The lighter evenings of April offer up an interesting stellar challenge, testing the observing dexterity of astronomers;- casual or otherwise in a race against time. Fear not, this is not a ‘faint fuzzy blob’ hunt, like the Messier marathon, the exact opposite in fact, more of a sprint really and should only take a few minutes to complete given suitable horizons, a fair wind and some sky knowledge.

This is all about spotting first magnitude stars; those ranked brightest in the sky and dotted around the twilight sky of early spring are no less than thirteen, more than at any other time of year. However the window of opportunity in which to identify these stellar jewels rapidly diminishes as we head deeper into April, from little over an hour at the start, to just fifteen minutes by mid month. You will however require a complete 360 degree unobstructed view of the horizon and complicating matters further, a number of planets may confuse the unwary.  

5-Minute Stellar Baker's Dozen Challenge of 1st Magnitude Stars (by Mark Dawson)
Click for full-size image with Key.

You will require clear views right around the horizon and complicating matters further, a number of bright planets may confuse the unwary. 

Let us assume it is late March (post clock change i.e BST time) or early April, at which time twilight deepens around 9pm. Our first port of call lies over in the west, where the mighty hunter; Orion, is about to lose his right toe, marked by bright Rigel, (1) below the horizon. . A word of caution before we go any further. Two naked eye planets are to be found low in the west late March/early April - Mars and Mercury. Mars will have a distinct orange hue, Mercury may be harder to spot depending on what date you observe, so if the 'star' you are looking at doesn't seem to fit the constellation, well done, you have also spotted two planets.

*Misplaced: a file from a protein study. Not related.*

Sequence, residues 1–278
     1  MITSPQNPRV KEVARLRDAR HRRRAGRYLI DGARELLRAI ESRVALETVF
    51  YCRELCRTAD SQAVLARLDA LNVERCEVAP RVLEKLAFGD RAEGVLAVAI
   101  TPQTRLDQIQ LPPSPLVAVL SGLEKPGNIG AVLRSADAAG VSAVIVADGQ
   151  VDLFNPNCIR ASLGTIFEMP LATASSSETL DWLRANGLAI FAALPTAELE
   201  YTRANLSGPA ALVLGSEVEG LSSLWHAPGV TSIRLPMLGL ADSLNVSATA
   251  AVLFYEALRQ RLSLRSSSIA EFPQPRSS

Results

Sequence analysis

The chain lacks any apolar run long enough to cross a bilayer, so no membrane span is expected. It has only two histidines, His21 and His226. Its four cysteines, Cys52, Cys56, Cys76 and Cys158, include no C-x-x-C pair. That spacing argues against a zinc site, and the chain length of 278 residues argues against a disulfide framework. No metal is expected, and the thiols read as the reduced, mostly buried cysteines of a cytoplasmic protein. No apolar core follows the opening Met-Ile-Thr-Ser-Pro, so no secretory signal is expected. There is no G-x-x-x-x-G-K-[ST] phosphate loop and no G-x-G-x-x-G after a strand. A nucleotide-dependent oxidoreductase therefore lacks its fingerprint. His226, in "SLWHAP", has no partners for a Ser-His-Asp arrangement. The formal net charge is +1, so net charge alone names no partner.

Above Rigel, Orion’s three belt stars are aligned parallel to the west horizon, but the next star on our list, the conspicuous orange hue of Betelgeuse (3), is located above them. A hand span to the right of Betelgeuse and slightly closer to the horizon another orange star, Aldebaran (4) chief star in Taurus is visible in the ‘V’ of the Hyades cluster. Low in the WSW the brightest star in the sky – sparkling Sirius (5) should be quite unmistakable.

Having picked out this first clutch of stars, there is no time to waste, so raise your gaze somewhat higher, to pick out the next wave of luminaries.

Starting in the SW again seek out the bright solitary white hue of Procyon (6) in Canis Minor located above Sirius and to the left of Orion. Due west and higher still, Castor (7) and Pollux (8) denote the twins of Gemini, which is descending feet first down toward the horizon. At a similar altitude to Gemini further across in the WNW  shines brilliant Capella (9) in Auriga, the only one of our bright seasonal winter stars not to set, being circumpolar from our latitude. Capella will spend the summer months arcing low above the north horizon and tricking the unwary into thinking it's the north star!

Turn and face due south, where midway up you will encounter bright Regulus (10) in the ‘sickle’ asterism of Leo. Our next two luminaries are located in the east. Due east, brilliant Arcturus (11) in the constellation of Bootes is very noticeable, its soft orange hue contrasting markedly with Sirius, the only star of the baker’s dozen brighter than it. Now for a test within a challenge, see how far into April you can spot both Sirius and Arcturus above the horizon at the same time! We still have three stars to locate, the first of which, Spica (2) chief star in Virgo, is just rising in the SE, so to spot it at the same time as the others a clear unobstructed view is required. Caution again- the very conspicuous 'star' above Spica is the planet Jupiter.

So, having viewed west, south and east, direct your gaze toward the North, where low in the North-East brilliant steely blue Vega (12) resides in the constellation of Lyra. Vega almost rivals Arcturus in apparent magnitude, but unlike the ‘guardian of the bear” it is circumpolar from Whitby’s latitude and to the unwary also masquerades as the north star during the winter months. Our final star, Deneb (13) is located just above the NNE horizon and appears much less brilliant than Vega but is by far the most distant and massive of the stars visited. It too is circumpolar and along with Vega constitutes two of the three stars forming the ‘summer triangle’.

There we have it, thirteen 1st magnitude stars visible all at the same time. The test shouldn’t take more than a few minutes to spot them all, but timing is crucial and being able to spot Spica, Rigel and Sirius at the same time is the key to accomplishing the task. Good Luck and clear skies.